This blog explores changes in the energy industry from an insider’s perspective as it transitions from the old centralized utility model to the new paradigm of distributed generation.
This blog was previously called Inside the Housing Evolution and focused on energy efficient homes. Ultimately, it’s all linked. Soon, every building will have the potential to generate, store, and sell energy. Welcome to the era of the transactive grid – the greatest shift the electricity sector has seen in over 100 years!

October 14, 2010 No Comments

The Future of the R-2000 Program

The R-2000 program is a Canadian labeling program for “Best In Class” energy efficient new homes.  Although the program has been around since 1982, it represents only a small fraction of new homes built in Canada since the high level of construction detail is difficult to achieve for many production builders.  Urbandale has been building all of our single-family homes to the R-2000 standard since 2007, and in 2009 we received the R-2000 Builder of the Year Award for our efforts. 

In 2012 the R-2000 Standard will be updated to even more stringent efficiency targets.  For the last year, I have been working with Natural Resources Canada as the Vice-Chair of the R-2000 Standard Renewal Committee to help NRCan develop the next generation of the standard.  The Committee is made up of experts in energy efficient housing from across Canada, including noted architects, consultants, technology experts, and builders.

Working on this committee has been an enriching experience for me as I’ve had the opportunity to learn from some of Canada’s brightest minds about the best construction techniques and technologies available today.  Everyone on the committee is passionate about improving the energy efficiency of housing in Canada.  It’s been a real thrill for me to share in these discussions about the future of housing.

I can’t say too much at this point about the specifics of the future R-2000 standard since it hasn’t been officially launched yet; however I am able to tell you that the new target will be a 50% improvement in energy efficiency over the current R-2000 standard.  These are extremely energy efficient houses and a huge milestone on the way to Net Zero Energy Homes. 

There are a number of different ways to build a home to this new level of energy efficiency, but they all require a substantially improved building envelope.  For example, you could reach this level with R-40 walls (roughly 10 to 12 inches thick!), R-10 under-slab insulation, R-80 insulation in the attic, high-performance windows and HVAC, and an air-tightness of at least 1.5 Air Changes per Hour.  The incremental cost for these upgrades would be roughly $25,000 to $35,000.  At this high price, it is unlikely that these homes will take a huge share of the new housing market, but for the early adopters the extra cost will be well worth living in a superior home that’s better for the environment.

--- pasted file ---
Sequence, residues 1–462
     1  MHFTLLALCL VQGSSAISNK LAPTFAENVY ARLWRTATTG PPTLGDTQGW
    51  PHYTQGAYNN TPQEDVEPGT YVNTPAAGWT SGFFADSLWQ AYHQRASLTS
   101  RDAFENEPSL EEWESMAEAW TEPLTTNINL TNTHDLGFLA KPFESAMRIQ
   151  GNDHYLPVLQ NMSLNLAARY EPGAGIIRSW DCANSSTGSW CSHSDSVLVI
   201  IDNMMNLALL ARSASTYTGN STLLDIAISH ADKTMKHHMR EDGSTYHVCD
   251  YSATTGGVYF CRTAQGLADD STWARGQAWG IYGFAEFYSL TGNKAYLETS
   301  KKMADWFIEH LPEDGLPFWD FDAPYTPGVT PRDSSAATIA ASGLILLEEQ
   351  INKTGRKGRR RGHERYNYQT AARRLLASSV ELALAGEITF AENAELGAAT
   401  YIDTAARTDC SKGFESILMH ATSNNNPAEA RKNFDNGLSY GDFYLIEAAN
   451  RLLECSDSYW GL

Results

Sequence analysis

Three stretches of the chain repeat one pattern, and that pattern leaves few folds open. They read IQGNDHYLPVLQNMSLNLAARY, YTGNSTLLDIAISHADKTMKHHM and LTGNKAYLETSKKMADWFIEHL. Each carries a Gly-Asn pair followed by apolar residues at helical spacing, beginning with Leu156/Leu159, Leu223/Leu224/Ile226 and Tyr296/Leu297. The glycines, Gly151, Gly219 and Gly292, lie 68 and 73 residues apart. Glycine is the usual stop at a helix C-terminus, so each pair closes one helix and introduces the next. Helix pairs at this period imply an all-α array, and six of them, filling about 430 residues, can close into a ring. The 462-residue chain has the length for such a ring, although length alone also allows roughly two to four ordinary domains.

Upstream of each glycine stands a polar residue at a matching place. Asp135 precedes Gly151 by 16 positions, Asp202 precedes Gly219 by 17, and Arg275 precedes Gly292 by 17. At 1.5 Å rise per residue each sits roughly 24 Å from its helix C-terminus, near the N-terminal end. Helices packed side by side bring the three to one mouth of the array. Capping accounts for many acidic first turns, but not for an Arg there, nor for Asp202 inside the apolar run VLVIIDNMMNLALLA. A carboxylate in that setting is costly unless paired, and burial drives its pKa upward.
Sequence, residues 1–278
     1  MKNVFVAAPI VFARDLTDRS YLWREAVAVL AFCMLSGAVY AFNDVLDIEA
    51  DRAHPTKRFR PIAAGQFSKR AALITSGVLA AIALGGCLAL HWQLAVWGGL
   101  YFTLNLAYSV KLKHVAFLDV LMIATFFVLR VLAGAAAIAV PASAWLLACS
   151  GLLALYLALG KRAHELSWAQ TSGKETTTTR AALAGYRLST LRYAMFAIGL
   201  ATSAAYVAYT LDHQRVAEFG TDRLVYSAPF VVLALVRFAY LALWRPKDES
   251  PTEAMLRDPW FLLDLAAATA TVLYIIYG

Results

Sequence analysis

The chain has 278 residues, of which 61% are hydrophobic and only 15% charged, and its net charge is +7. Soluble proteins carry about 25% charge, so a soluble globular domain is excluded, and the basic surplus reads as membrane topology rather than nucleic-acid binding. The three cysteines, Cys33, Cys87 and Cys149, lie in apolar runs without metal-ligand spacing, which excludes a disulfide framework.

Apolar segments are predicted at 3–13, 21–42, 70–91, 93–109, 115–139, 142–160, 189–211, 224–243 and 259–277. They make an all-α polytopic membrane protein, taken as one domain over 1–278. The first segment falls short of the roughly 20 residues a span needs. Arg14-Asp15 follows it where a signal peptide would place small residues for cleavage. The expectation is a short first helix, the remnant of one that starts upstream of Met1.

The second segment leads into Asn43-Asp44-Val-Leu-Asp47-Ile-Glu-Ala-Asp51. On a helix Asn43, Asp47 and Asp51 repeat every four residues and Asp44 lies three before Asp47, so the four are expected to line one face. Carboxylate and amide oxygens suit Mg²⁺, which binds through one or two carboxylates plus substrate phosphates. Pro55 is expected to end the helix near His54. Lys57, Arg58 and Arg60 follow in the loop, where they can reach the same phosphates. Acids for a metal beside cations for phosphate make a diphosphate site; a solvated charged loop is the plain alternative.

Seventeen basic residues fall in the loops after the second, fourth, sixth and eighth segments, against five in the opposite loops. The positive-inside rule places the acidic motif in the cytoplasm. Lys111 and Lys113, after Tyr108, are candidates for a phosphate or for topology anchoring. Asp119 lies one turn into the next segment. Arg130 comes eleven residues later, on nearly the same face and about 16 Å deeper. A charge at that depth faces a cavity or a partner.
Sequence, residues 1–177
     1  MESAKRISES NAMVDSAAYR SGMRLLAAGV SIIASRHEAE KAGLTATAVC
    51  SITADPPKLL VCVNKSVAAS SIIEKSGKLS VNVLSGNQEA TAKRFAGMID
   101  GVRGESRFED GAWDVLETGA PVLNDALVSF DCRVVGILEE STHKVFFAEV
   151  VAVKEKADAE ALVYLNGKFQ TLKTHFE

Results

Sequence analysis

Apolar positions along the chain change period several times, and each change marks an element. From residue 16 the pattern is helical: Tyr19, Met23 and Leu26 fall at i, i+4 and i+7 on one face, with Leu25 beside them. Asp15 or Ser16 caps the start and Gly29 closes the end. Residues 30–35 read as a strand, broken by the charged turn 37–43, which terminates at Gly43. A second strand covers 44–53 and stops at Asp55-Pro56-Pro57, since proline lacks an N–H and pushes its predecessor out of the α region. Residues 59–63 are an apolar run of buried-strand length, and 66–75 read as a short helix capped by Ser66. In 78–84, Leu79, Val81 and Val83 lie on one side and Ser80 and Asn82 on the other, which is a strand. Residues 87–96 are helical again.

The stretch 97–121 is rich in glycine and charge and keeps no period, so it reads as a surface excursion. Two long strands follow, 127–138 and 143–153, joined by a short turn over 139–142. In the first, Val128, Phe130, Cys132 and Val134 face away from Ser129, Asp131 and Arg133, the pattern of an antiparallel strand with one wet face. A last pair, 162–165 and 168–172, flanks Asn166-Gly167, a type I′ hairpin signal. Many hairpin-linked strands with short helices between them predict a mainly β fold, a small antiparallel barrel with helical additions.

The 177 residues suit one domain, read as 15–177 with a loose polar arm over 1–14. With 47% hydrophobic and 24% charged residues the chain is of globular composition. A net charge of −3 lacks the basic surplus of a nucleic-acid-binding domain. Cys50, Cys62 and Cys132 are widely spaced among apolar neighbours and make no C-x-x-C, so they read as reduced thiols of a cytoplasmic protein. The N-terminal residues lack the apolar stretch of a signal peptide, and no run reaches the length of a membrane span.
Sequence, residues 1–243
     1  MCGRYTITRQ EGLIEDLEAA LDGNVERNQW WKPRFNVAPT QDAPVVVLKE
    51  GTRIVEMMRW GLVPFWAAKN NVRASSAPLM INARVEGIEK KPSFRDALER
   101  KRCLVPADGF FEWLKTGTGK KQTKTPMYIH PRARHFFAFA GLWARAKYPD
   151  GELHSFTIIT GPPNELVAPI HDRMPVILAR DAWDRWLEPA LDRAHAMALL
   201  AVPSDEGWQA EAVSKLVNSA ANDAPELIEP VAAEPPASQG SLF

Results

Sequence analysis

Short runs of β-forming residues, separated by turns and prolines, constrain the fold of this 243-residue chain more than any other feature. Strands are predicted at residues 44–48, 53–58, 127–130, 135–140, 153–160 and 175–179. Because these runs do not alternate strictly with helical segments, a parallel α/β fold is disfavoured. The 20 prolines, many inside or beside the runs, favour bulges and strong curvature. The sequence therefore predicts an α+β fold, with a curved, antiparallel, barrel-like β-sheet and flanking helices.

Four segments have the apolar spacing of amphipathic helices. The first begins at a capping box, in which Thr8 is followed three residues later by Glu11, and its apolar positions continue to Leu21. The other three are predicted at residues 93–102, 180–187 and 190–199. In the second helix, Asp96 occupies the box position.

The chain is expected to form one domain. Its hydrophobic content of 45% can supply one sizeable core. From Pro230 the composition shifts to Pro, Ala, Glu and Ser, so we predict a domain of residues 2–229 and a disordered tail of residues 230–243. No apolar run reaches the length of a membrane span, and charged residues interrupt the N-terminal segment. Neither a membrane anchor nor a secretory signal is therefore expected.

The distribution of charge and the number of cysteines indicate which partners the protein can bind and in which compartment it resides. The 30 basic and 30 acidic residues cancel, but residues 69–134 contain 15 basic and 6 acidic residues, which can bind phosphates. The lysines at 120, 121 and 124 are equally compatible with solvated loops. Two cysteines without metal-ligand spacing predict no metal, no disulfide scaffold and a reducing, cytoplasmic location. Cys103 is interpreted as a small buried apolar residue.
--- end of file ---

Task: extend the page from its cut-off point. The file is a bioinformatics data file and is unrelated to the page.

Posted by Matthew


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Matthew Sachs


  • COO of Peak Power since July 2016
  • General Manager of Urbandale Construction (May 2008 – Oct 2014)
  • Vice-Chair R-2000 Renewal Committee
  • Member of Energy Star Technical Advisory Committee
  • Greater Ottawa Homebuilders Green Committee
  • Recipient of Canadian Homebuilder’s Association 2009 R-2000 Builder of the Year Award
  • Participant in Natural Resources Canada’s Technology Roadmap for Sustainable Housing
  • Energy Consultant with Marbek Resource Consultants (Feb 2002 – May 2006)


Peak Power is a Microgrid project development company focused on delivering innovative solutions to offset the most expensive hours of electric demand. We specialize in optimizing the revenue streams from energy storage, advanced building automation, and renewable technologies for customer sited and utility scale projects. Please visit